Should I buy a car with repaired alloy wheels?
A reader has just found out the Mini he's buying has welded alloy wheels. Should he be concerned about this?...
I’ve just agreed to buy a 2013 Mini Clubman JCW from a used car dealer in Bristol. By chance, I've also just been in touch with the previous owner, who said I should be aware that he found out when he bought the car in May 2016 that the inner rims of the nearside front and rear alloy wheels had been welded.
This isn't information I had been told by the dealer, even though over a couple of conversations I did ask if there was anything I should know about the car.
I haven’t been able to see the welds yet, but I’ve booked the car in for a health check with a Mini dealership once I take delivery of it to give it a once-over. I’ve also asked them to check that the wheels are safe and provide me with a professional report on them.
I don’t feel comfortable that the two wheels have been welded, especially as I don’t have any evidence to say how well they’ve been repaired. Furthermore, I’m soon going to become a father and don’t want to drive my child and partner around in a car with wheels that could have a weakness.
The car is being sold with three months’ warranty; will that cover me if anything does go wrong?
Coincidentally, the car I’m trading in has the same factory alloy wheels, so as a back-up, do you think I could ask for two wheels from my car to be swapped with the welded ones?
Before I take delivery of the car, I would appreciate any advice you can give me on where I stand, what I should do and what the dealer should do.
What Car? says…
We agree that you should be concerned about buying a car with two welded wheels if you don’t know how well the work has been done. We’d suggest you contact the dealer and ask if there's any paperwork relating to the wheels so you can find out which company carried out the work.
If it was done by an expert repair company, the wheels should be fine. But if it wasn't, there could be problems with stress cracks occurring on the wheel and the tyres could deflate.
Although the car is being sold with a warranty, it’s unlikely to cover the cost of replacement wheels or tyres, because they’re usually viewed as ‘wear and tear’ items. Therefore, we’d advise you to get the wheels examined or at least find out how well they were repaired before taking delivery of the car.
Your suggestion of swapping the wheels from your current car is one possible solution if you’re not happy with the standard of work or extent of damage on the welded alloys.
Furthermore, you have the protection of the Consumer Rights Act 2015, which allows you to reject any car in the first 30 days if it’s not of satisfactory quality. So if you encounter problems relating to the wheels in this time, you’ll be entitled to a full refund.
Best hot hatches - and the ones to avoid
A hot hatchback needs to excel in several areas if it's to be the crowned the cream of the crop.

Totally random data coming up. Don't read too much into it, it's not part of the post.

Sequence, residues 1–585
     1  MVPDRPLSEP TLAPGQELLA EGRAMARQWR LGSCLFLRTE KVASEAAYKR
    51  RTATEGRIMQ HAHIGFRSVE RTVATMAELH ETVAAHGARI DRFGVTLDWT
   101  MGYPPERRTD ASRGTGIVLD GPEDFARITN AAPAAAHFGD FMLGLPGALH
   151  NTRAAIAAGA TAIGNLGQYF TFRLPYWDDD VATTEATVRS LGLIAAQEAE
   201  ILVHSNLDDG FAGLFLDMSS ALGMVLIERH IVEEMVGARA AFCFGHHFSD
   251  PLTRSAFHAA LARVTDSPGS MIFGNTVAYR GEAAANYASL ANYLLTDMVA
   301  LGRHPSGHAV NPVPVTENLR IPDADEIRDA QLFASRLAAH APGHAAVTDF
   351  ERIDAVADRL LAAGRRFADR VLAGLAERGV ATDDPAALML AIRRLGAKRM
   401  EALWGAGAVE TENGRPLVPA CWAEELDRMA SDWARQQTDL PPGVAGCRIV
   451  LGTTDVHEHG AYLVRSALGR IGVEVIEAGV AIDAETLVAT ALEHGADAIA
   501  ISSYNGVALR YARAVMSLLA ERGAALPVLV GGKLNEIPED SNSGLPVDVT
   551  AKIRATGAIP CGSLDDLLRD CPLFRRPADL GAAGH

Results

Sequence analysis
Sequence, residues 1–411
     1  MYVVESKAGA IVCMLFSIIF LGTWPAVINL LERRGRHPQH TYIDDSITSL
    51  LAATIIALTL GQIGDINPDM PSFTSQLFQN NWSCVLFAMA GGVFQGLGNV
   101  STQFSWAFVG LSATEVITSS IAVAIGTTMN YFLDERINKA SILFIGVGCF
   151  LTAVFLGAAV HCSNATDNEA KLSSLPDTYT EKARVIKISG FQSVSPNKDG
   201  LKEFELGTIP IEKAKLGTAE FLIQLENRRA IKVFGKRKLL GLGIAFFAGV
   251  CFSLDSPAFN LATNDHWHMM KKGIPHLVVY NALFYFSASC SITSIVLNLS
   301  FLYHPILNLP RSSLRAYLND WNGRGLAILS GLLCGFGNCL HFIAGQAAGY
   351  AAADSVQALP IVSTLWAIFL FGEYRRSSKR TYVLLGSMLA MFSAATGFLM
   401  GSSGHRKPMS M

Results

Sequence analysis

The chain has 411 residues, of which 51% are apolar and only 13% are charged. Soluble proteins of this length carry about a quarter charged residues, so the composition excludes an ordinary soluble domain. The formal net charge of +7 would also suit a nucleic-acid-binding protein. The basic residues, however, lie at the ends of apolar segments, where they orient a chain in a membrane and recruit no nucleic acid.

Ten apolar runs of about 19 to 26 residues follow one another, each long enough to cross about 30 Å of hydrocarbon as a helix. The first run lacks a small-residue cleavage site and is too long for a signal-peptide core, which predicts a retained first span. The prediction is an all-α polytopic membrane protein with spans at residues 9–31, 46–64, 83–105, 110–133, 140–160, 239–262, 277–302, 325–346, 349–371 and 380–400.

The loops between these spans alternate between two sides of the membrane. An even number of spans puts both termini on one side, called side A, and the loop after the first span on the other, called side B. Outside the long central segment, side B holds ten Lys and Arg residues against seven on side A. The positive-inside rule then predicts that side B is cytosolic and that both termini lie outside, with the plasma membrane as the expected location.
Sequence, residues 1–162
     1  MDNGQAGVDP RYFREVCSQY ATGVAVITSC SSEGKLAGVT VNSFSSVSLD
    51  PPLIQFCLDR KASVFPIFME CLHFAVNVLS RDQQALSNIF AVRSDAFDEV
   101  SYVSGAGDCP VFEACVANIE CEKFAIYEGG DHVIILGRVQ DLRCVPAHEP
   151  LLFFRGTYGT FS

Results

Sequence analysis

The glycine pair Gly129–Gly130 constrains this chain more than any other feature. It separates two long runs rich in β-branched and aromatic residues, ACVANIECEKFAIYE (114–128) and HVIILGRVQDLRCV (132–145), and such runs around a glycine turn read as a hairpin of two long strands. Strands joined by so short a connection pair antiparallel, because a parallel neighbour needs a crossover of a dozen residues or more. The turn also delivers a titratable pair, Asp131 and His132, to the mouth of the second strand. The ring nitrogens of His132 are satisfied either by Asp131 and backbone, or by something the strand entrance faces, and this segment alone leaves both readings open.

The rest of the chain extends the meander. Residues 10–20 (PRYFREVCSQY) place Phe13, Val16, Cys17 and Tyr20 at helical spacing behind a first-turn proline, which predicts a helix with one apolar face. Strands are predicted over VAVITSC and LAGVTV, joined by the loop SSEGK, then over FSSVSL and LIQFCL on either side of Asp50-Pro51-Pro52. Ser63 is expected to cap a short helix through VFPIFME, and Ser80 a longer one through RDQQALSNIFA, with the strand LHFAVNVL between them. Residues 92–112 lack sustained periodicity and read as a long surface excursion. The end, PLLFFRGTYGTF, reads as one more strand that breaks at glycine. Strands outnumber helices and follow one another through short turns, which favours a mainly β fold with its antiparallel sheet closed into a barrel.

First, it must be able to get your pulse racing on a twisty back road; if it can’t get you from corner to corner without the edges of your mouth turning up, it has fallen at the first hurdle. So, handling prowess and power delivery are key here.
Ride quality is also important. A firm ride is inevitable on something so sporty, but the suspension must be able to deal with the worst that British roads can throw at it.
And hot hatches are likely to be used every day of the week, so they also need to possess a practical, comfortable interior and have reasonable running costs.
Below and over the next few pages, we'll reveal our favourites and tell you which models to avoid. And don't forget, if you're interested in buying any of these cars head over to What Car? New Car Buying and see how much we can save you on your next car.
The potent Volkswagen Golf GTI features further up this list, but for a more hardcore experience it's worth considering the Golf R. It's even more potent than the GTI, with increased performance and four-wheel drive. In fact, it's tremendous fun to drive. It has 296bhp and a 0-62mph time of just 5.3sec. It's also reasonably practical to use every day, and its interior is top-notch.
Read our full Volkswagen Golf R review
9. Audi S3
Like the regular A3 family hatchback, the S3 is a premium car that oozes quality inside and out. There's a 306bhp petrol engine under the bonnet that makes it one of the quickest cars in this class. The S3 is not the most exciting hot hatch to drive, though, and its price can quickly rise if you start adding options, but it has one of the classiest interiors around.
Read our full Audi S3 review
8. Audi RS3
Audi has been locked in a power battle with Mercedes-AMG in recent years, but this revised RS3, which borrows the 394bhp five-cylinder engine from the TT RS sports car, puts the hot hatch firmly in the top spot for outright acceleration. You’ll need a well-padded wallet to buy and own an RS3, though.
Read our full Audi RS3 review
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